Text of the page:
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Needy people to get more aid in 2006
By Fu Jing (China Daily)
Updated: 2006-01-02 07:28

The new year is bringing some hope to the needy and disaster-hit Chinese after the central government promised an increase of their basic living allowances and grain rations in 2006.

With subsidies from provincial and local governments, a total of 11.2 billion yuan (US$1.4 billion) from the central government's financial coffers was appropriated in 2005 to meet the basic living needs of nearly 28 million urban and rural needy people.

"We are going to increase the allowance and try hard to expand the benefits as widely as possible," Civil Affairs Minister Li Xueju told Xinhua, adding that the insufficient social security coverage in China's remote rural regions is his top concern.

Along with the promises, the central government prearranged 5.53 billion yuan (US$691 million) out of its 2006 allowance funds to help both vulnerable urban and rural social groups enjoy the festival season.

Warning against embezzlement, the ministries of finance and civil affairs required local governments to "hand out the funds to the needy people as soon as possible."

The total sum of the allowance for the whole year, still unknown, will be approved by the annual session of the National People's Congress, which is to take place next March.

The New Year's allowance was among the continuous efforts of China's highest leadership in calling on everyone to "give more warmth and aid to those needy people."

Meanwhile, on New Year's Eve, Premier Wen Jiabao visited people in the earthquake-hit area in East China's Jiangxi Province. The November earthquake measuring 5.7 on the Richter scale hit the cities of Jiujiang and Ruichang. It caused about 3 billion yuan (US$370.37 million) of economic losses and left about 100,000 people homeless.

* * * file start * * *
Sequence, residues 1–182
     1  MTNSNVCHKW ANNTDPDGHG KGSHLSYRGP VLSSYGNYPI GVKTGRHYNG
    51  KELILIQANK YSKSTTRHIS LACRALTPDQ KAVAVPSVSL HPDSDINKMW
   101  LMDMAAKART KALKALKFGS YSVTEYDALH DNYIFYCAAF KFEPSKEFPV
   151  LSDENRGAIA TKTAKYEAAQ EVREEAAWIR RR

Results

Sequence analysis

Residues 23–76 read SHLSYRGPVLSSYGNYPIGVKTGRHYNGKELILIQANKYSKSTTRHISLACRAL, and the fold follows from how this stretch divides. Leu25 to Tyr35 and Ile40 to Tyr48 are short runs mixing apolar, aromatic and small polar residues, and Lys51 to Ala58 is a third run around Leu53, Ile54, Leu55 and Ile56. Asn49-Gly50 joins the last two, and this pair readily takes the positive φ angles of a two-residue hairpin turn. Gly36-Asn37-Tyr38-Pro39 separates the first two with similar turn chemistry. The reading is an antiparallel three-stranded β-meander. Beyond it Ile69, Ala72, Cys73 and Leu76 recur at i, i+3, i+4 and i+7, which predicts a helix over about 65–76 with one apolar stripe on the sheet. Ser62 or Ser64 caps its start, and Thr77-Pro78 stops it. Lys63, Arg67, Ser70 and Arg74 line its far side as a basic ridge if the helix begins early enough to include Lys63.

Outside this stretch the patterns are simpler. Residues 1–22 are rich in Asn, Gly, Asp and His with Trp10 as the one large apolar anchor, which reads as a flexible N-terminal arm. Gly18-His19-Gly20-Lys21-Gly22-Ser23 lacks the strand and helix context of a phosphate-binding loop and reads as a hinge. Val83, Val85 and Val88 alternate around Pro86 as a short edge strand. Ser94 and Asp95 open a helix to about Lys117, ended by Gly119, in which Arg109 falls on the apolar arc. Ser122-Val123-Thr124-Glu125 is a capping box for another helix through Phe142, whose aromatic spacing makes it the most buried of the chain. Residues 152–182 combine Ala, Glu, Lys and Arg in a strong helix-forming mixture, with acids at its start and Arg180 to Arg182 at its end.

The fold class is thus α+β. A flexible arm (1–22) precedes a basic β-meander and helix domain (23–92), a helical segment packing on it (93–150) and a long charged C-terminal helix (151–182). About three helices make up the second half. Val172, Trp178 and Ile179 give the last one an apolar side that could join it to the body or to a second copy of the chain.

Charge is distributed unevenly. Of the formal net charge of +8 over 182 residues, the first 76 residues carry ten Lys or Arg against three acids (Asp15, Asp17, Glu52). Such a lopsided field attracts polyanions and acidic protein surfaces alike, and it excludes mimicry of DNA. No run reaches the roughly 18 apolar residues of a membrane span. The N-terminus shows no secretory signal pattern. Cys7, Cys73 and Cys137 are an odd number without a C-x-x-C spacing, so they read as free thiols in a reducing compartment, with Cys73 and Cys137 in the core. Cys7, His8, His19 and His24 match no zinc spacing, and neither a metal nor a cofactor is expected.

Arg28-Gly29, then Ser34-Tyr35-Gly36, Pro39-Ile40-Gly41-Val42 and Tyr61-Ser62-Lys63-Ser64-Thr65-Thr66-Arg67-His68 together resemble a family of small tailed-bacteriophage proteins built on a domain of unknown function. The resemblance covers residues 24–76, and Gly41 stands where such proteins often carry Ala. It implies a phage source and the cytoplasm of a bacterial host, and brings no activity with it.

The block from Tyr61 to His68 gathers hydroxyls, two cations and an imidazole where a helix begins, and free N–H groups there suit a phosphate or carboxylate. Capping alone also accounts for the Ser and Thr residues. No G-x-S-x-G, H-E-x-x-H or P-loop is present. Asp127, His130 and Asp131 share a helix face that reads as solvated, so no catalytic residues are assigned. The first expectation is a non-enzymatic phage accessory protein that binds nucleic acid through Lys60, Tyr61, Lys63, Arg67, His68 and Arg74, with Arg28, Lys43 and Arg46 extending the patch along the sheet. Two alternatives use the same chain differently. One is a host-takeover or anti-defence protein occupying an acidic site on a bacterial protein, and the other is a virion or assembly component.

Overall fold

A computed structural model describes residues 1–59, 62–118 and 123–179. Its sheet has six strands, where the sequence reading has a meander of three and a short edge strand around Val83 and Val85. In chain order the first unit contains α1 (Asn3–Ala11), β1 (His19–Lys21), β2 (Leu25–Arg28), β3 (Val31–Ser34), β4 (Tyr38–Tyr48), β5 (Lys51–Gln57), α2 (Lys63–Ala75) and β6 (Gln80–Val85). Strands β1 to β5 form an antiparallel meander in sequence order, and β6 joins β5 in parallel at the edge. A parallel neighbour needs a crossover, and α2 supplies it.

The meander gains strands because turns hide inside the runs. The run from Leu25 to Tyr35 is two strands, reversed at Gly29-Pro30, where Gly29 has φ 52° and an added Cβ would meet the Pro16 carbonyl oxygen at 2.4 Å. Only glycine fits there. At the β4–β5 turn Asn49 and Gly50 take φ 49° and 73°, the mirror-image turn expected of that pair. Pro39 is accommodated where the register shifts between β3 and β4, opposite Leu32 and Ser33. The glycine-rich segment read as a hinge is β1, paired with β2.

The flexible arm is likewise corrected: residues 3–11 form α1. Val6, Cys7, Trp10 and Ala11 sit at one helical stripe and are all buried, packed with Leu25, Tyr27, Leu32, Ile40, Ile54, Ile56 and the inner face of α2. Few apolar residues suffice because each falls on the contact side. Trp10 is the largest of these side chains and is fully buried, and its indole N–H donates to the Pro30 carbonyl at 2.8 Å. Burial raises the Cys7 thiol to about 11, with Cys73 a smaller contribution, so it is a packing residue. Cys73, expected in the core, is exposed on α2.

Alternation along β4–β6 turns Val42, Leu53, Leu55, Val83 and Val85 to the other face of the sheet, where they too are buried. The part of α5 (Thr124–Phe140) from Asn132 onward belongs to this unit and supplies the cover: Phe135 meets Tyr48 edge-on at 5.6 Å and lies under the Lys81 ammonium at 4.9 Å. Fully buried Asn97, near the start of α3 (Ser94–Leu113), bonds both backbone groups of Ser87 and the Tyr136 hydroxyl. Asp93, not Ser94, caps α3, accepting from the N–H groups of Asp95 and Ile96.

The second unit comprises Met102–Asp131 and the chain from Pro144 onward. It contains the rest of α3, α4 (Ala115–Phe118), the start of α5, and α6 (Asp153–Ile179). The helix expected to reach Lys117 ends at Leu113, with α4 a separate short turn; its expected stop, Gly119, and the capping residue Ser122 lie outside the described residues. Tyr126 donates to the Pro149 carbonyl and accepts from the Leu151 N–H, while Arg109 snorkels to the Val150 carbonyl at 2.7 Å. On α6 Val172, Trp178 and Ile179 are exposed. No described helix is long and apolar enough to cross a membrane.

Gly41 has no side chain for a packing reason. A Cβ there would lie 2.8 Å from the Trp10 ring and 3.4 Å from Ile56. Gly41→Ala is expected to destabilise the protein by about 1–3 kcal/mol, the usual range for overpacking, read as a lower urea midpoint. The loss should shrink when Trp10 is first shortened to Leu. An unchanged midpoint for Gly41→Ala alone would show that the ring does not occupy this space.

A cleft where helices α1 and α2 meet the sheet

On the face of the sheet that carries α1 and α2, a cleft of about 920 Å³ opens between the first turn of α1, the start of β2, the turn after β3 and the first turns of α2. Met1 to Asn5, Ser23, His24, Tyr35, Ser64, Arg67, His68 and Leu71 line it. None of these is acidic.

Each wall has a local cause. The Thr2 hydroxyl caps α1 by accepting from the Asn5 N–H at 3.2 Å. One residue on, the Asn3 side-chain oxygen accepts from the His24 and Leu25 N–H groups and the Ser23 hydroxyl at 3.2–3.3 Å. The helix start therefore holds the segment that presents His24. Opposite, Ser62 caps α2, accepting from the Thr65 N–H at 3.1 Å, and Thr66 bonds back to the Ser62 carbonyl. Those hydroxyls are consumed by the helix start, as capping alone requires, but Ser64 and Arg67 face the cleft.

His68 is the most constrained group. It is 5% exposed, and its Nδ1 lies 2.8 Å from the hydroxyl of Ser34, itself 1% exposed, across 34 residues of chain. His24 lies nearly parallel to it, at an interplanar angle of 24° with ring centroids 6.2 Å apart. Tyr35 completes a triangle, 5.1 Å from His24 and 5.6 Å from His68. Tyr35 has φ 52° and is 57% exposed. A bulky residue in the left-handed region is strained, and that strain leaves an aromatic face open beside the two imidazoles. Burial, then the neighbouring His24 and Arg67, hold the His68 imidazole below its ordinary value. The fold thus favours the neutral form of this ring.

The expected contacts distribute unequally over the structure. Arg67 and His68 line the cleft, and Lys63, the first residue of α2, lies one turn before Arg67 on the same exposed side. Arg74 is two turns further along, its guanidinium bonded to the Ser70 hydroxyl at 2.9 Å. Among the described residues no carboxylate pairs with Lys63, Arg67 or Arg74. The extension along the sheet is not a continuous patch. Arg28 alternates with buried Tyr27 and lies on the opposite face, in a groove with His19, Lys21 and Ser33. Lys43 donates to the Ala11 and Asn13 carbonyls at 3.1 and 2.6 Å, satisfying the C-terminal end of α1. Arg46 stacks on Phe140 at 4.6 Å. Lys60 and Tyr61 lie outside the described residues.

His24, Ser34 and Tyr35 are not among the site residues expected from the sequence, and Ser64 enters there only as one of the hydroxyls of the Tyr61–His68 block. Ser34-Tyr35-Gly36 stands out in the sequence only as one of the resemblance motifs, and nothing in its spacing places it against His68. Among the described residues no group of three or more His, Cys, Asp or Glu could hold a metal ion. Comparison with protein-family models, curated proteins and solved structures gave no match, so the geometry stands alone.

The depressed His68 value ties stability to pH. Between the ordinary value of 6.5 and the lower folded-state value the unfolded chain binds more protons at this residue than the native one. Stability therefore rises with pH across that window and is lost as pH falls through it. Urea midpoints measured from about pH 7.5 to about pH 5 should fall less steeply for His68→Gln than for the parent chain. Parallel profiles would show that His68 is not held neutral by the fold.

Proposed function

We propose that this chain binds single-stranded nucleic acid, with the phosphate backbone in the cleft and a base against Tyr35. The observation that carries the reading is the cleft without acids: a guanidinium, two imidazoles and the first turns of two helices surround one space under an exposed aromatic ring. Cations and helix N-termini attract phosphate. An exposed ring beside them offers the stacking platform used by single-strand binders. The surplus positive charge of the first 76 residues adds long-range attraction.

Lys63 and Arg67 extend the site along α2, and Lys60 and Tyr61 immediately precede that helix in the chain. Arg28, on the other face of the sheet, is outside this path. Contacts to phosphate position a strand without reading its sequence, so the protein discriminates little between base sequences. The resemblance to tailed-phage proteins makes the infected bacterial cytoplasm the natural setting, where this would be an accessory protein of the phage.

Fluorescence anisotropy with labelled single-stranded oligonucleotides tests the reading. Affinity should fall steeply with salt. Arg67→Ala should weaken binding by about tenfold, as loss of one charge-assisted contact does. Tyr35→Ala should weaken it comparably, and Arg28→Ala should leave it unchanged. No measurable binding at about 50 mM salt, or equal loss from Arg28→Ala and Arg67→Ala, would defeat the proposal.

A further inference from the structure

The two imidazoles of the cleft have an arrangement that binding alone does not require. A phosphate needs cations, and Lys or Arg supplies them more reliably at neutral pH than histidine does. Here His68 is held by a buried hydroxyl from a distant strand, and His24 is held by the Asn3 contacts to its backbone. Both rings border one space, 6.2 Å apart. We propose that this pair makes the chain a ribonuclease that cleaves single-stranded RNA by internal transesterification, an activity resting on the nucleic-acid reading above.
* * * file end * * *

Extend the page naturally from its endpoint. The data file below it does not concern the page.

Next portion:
Following Wen, nationwide provincial governors, mayors and county heads entered shabby houses in various places and sent cash, rice, oil and clothes to those people in need.

Despite the efforts, the needy queue is too long in the populous country.

It has approximately 140 million senior citizens aged over 60 who are in need of social assistance. There are 60 million disaster victims in the country each year and in cities, the population living on the government's minimum allowance is 22 million.

In rural regions, over 26 million farmers are still living in abject poverty. Without enough food and clothes, they just earn less than 668 yuan (US$81) the benchmark of China's absolute poverty line per capita every year.

Meanwhile, there is still another 49.77 million rural people with an annual per-capita income of less than 924 yuan (US$112), China's poverty line, and this is more than three times less than those in cities. Annual per capita income in rural regions already reached 2,900 yuan (US$350) in 2004.

Facing the tough situation, Minister Li said the government's role in helping them is limited and charitable forces should join the relief efforts.

"The funds and efforts from the government will work as catalysts, and charitable organizations, companies and individuals should also provide their assistance as much as possible," Li said.

Currently, the average basic living allowance for every urban needy person is about 70 yuan (US$8.8) every month.

In cities like Beijing and Shanghai, the monthly allowance can reach as high as 250 yuan (US$31). But in most county-level cities, the sum is far below 100 yuan (US$12.5) per month.

(China Daily 01/02/2006 page1)

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